Let us open the gates of wisdom
And the final frontiers of perception
And cast the gleaming jewel of Nam Myoho Renge Kyo
Like a ball Into the Universe
That the words confront and transform
A Humanity torn from ashes
Into the Phoenix which soars
Into the skies of infinite peace
When the critical number of people do their
own focussed meditation for world peace or chant Nam Myoho Renge
Kyo together, at the same moment, throughout the world, a planetary
transformation will begin to occur.
We propose to chant for peace around the
gradually increasing the number of participants in each
so that eventually, there will be Daimoku for Peace
continuously, throughout the day and night.
The biosphere is a unique culture which is completely different
from the specific characteristics of nations as it is a complex
matrix of life where everything supports itself at the expense of
The planetary peace culture
" Is life affirming.
" Transcends national and regional barriers.
" Is based on the deepest values of humanity.
" Is the essence of human rights and existence.
" Speaks for the Universal Mystic Law which expresses the oneness
of all humanity and all life
" Expresses no distinction between creeds and ideologies, cultures
" Is an expression of the profound inseparable connection between
life and all phenomena
Nam Myoho Renge Kyo
While NAM of Nam Myoho Renge Kyo derives from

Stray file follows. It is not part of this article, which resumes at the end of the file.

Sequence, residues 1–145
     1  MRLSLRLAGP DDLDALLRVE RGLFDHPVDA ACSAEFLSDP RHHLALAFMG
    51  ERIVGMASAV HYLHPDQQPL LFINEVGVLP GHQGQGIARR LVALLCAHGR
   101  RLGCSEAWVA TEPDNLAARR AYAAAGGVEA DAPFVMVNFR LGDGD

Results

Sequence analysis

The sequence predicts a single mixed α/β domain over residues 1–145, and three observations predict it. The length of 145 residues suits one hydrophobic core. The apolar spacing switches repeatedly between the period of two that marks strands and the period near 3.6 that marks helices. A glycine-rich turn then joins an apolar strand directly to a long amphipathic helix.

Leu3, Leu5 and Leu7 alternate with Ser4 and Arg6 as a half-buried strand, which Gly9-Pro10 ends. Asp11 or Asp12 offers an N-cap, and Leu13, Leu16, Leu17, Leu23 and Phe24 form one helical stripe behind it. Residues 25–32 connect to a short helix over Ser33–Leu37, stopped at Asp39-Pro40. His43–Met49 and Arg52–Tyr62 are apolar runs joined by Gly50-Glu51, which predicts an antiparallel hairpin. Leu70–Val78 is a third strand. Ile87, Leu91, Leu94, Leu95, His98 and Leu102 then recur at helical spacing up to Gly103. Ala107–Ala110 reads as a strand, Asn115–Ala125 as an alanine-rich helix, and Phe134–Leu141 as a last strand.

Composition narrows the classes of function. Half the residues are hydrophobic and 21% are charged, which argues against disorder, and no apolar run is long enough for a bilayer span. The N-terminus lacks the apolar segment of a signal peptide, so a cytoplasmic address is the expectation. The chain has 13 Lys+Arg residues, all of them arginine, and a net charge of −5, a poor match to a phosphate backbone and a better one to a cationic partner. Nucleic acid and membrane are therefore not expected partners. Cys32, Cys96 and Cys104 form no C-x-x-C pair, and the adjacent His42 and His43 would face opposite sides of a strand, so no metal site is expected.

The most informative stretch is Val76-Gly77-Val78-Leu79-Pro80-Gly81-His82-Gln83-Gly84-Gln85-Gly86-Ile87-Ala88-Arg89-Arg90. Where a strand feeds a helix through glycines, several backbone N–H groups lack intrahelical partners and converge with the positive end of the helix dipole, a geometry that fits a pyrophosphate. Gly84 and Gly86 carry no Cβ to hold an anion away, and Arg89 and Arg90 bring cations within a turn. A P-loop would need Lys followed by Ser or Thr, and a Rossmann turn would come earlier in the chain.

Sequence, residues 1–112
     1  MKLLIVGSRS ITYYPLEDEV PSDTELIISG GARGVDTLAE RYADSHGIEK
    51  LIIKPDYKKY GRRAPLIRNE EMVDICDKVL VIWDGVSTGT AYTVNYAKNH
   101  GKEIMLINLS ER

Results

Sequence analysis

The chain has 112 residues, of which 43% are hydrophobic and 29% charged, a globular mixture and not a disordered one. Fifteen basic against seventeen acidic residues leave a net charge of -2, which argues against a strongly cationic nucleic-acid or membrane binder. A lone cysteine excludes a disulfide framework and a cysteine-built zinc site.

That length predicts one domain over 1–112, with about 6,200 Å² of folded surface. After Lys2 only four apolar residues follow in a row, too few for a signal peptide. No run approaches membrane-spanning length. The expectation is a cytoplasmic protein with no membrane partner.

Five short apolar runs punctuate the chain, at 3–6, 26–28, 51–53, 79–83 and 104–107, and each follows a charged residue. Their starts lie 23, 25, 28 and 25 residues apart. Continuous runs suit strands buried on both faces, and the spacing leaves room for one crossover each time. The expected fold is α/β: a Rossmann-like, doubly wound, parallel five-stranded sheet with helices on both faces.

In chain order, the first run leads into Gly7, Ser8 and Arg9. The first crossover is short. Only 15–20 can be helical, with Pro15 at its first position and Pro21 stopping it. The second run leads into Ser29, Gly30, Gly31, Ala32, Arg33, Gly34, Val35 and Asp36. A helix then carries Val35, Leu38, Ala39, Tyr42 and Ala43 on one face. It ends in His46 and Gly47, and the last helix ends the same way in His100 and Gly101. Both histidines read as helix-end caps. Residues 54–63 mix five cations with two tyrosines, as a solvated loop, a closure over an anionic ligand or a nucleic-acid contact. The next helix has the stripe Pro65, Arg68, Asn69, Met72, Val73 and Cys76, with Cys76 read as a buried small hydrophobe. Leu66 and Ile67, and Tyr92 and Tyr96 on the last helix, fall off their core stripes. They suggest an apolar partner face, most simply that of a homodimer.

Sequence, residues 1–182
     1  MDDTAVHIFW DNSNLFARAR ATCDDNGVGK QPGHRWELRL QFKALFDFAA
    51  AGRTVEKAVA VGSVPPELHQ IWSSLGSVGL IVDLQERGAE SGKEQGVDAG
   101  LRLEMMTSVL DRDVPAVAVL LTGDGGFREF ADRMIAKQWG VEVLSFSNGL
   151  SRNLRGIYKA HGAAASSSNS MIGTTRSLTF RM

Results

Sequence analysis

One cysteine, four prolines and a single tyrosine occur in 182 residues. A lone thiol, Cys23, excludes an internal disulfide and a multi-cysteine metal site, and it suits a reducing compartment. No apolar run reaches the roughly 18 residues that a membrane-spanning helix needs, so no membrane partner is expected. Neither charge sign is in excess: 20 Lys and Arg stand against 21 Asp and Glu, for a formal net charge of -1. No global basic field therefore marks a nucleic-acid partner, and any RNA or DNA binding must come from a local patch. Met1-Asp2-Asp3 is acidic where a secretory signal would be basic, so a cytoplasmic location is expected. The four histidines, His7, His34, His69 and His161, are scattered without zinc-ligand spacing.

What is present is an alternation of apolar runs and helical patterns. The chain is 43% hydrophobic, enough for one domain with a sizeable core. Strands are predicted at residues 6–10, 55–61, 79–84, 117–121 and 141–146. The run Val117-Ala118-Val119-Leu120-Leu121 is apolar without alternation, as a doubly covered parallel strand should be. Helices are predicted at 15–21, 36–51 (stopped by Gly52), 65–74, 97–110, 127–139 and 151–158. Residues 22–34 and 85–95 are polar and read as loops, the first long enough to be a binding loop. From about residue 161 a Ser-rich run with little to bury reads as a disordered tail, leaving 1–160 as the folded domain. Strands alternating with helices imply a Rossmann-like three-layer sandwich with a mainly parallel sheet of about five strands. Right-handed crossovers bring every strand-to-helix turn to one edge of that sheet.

Sanskrit, Myoho Renge Kyo derives from the Chinese language. Therefore
Nam Myoho Renge Kyo comprises both Chinese and Sanskrit.
Moreover, in Sanskrit, one says Saddharma pundarika
sutram which is rendered as Nam Myoho Renge Kyo. Sad translates
as Myo, dharma as Ho, pundarika as Renge and sutram to Kyo.
These nine characters correspond to the nine honored
ones and express the principle that the nine worlds inherently possess
the Buddha nature.
Myo represents the nature of enlightenment, while
ho, indicates darkness or delusion. The oneness of delusion and
enlightenment is called Myoho, the Mystic Law.
Renge represents the principles of cause and
effect, and also indicates the simultaneity of cause and effect.
Kyo indicates the words and speech, sounds and
voices of all sentient beings.
Chang-an states, 'The voice does the Buddha's
work.', and is therefore called kyo.
Kyo also signifies that life spans the three
existences of past, present and future.
All things are Myoho, all things are Renge, all
things are Kyo. Renge means the Buddha's body encompassed by the
nine honored ones on the eight petalled lotus. You should ponder
this carefully." (Gosho Zenshu p.708)
Now from the standpoint of Nichiren and his disciples,
'unsurpassed' indicates Nam Myoho Renge Kyo, which is most unsurpassed
among the unsurpassed. The sutra speaks of the 'unsurpassed cluster
of jewels' to indicate the Mystic law. [This phrase] means that
Nam Myoho Renge Kyo is the treasure in which are clustered all the
beneficial practices and meritorious deeds of all Buddhas of the
Faith enables us, without painful practices or
merit accumulated through austerities, to receive the peerless treasure
through a single utterance. This is the meaning of '[H]as come to
us unsought.' (Gosho Zenshu p.
The sutra states, "You must listen carefully and hear of the
Thus Come One's secret and his transcendental powers." (LS
p. 225, 3LS p. 249)
The countless entities in the three thousand worlds, which are undergoing
the process of birth, life, change, and extinction, are embodiments
of [these] transcendental powers. As for 'transcendental powers,'
the actions that are carried out instant by instant, motion by motion